He illustrates his approach by launching into a multi page close reading of Auden’s "Musee des Beaux Arts" -- a real tour de force analysis, beginning in a summary, then analyzing style, grammar, stanza structure, tone, etc. He unpacks the poem and unwinds its strands, then elaborates on its theme of private suffer- ing and the indifference of the public to it. He questions the poem. He pushes back against it. He uses the analysis to think through the poem’s content. He is willing to elaborate and go off on tangents.

1.2 Politics and Rhetoric

There is something odd about a politically minded literary theorist calling us back to close reading. "There is a politics of form as well as a politics of content". Eagleton sees form as a way of accessing history. Form reflects historical developments in society and culture. He uses this section to survey the high points of literary criticism, the way critics have paid attention to "the grain and texture of literary works, and to those works’ cultural contexts."

Language is a bridge between Culture with a capital C (the realm of literature as Art) and culture (human society). Criticism is sensitive to the texture of the medium that makes us what we are. Attention must be paid.

Nietzsche, radical philosopher and expert philologist, knew the value of reading. He advocated slow reading. By reading slow, you are rebelling against the modern age (apparently there is a politics of criticism and a politics of reading too).

"To attend to the feel and form of works is to refuse to treat them in a purely instrumental way, and thus to refuse a world in which language is worn to a paper- like thinness by commerce and bureaucracy. The Nietzschean Superman is not an e-mail user."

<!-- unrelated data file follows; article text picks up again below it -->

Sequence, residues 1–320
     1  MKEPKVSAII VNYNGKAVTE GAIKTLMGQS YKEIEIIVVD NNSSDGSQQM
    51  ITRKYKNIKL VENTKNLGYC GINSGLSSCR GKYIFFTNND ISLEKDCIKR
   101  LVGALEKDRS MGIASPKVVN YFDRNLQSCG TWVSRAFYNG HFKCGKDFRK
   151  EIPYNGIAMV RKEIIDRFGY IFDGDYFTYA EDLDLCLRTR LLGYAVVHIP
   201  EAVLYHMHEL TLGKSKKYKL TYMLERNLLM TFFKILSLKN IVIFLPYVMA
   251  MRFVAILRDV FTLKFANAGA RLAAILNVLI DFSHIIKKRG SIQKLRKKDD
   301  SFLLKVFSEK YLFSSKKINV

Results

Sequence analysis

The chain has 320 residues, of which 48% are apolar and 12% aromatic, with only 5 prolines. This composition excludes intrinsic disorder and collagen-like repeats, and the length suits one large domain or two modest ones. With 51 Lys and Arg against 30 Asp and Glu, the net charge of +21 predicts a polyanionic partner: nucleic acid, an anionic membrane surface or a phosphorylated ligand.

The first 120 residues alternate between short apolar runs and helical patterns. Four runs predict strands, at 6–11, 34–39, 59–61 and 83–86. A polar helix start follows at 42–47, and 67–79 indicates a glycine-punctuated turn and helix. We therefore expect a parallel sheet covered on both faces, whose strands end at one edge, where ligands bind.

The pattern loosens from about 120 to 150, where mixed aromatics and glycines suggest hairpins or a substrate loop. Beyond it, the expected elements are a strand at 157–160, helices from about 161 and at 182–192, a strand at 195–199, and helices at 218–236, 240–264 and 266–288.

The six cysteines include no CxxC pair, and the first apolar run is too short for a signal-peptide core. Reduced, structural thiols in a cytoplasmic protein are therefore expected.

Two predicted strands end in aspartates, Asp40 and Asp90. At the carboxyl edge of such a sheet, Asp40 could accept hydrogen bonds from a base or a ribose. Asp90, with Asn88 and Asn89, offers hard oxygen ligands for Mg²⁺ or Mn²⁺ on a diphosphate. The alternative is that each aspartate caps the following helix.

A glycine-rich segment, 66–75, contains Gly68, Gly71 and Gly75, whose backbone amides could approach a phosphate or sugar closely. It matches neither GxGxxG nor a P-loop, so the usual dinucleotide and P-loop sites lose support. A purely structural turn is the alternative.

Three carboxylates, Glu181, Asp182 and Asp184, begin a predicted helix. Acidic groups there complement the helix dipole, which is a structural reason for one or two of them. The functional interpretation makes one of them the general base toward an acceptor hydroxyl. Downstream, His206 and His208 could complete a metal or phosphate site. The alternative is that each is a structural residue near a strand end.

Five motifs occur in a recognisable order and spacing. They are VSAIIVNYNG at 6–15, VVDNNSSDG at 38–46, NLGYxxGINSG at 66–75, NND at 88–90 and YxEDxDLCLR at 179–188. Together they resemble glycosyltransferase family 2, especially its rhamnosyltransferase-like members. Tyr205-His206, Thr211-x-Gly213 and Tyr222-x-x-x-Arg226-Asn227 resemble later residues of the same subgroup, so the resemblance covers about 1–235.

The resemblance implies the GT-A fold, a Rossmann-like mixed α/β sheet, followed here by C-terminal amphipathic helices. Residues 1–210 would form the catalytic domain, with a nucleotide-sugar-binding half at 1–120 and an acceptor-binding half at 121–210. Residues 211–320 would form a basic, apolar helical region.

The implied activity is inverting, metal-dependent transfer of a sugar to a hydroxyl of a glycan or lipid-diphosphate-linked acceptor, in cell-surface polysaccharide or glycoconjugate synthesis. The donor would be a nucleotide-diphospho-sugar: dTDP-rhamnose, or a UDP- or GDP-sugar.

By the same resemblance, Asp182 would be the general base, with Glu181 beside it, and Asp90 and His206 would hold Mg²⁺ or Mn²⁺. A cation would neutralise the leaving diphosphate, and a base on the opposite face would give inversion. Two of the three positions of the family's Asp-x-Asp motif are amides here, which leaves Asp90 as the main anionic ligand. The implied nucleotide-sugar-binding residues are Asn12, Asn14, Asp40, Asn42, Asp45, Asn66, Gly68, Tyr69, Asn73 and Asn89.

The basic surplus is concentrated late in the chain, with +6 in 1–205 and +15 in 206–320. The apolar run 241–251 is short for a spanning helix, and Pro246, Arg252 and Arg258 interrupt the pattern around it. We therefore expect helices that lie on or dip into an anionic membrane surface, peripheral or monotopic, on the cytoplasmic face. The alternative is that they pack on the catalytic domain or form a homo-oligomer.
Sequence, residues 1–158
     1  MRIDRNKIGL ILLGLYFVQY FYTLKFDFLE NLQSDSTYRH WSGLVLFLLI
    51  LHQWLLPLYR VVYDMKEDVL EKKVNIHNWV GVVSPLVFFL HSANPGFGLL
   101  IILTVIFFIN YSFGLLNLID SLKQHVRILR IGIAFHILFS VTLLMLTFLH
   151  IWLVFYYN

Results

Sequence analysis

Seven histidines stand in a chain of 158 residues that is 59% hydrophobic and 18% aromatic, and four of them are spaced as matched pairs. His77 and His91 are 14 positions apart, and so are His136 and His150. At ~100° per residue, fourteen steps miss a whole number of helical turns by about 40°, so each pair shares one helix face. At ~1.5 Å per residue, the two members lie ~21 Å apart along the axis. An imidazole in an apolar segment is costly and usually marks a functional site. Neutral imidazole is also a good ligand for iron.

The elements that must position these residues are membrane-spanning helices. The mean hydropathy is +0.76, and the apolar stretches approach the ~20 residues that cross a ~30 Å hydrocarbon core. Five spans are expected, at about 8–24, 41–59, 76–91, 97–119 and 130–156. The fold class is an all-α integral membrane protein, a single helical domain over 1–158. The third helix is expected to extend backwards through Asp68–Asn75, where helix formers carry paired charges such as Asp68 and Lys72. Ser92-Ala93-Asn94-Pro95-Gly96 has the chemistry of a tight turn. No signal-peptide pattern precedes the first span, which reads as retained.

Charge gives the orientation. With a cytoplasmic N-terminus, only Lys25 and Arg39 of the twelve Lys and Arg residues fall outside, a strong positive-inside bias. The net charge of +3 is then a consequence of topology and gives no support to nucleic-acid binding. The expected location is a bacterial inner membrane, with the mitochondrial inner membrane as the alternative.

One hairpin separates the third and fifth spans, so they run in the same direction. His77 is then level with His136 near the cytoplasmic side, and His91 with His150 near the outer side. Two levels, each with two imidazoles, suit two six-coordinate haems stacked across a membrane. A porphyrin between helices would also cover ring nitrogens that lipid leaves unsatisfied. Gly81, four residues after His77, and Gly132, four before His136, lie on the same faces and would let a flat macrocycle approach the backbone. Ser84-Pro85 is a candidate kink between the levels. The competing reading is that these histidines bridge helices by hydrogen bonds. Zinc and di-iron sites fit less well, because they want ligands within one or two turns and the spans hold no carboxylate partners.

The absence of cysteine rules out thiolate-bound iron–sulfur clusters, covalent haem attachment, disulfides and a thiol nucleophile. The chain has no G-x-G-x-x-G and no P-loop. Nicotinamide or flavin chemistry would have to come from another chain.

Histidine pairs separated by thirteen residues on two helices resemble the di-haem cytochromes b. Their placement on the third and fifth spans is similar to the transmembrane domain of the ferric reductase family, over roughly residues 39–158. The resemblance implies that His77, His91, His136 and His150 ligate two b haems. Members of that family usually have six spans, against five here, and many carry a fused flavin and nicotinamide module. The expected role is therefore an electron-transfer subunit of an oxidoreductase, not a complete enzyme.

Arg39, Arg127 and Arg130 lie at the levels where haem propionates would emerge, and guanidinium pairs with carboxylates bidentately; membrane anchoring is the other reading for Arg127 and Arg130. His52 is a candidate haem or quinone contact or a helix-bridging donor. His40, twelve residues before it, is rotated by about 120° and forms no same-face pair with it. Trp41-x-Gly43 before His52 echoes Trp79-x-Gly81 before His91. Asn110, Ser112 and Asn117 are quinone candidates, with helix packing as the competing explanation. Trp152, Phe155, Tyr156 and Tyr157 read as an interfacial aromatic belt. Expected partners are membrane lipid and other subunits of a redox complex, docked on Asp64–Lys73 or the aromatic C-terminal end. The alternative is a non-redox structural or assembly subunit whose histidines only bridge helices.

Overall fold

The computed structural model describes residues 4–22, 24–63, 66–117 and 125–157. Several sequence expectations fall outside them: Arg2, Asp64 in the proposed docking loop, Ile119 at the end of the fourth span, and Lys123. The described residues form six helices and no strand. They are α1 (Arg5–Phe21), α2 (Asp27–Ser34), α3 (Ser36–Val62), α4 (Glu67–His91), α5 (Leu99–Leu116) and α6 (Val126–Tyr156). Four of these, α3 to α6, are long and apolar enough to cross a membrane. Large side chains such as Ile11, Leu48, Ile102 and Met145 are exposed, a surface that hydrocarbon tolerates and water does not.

So, what is the relationship between politics and the way we read literature? A historical survey is in order. From late antiquity through the Middle Ages, criticism was called Rhetoric, and it served both textual and political purposes. Rhetoric meant the study of verbal tropes and figures of speech, and the art of persuasion (primarily through public speaking). Rhetoric was the overarching term and within it was included disciplines like poetry and history. By studying rhetoric, you could learn how to practice rhetoric in your own public life. There was a close relationship between speaking well and thinking well. It was the purview of not only emperors but all educated citizens. In democratic Athens, a distinguishing feature of the free, civilized man was the capability of being persuaded by speech rather the threat of violence.

By the Middle Ages, the Roman empire had withered away and rhetoric was divorced from practical public life. It became more of an academic pursuit, something more to be studied than practiced.

With the Renaissance, rhetoric was revived for a time. It was used as a weapon against Medieval tradition and as a public tool in a time of political expansion. It gradually became reduced to matters of style and poetics, and lost much of its political dimension.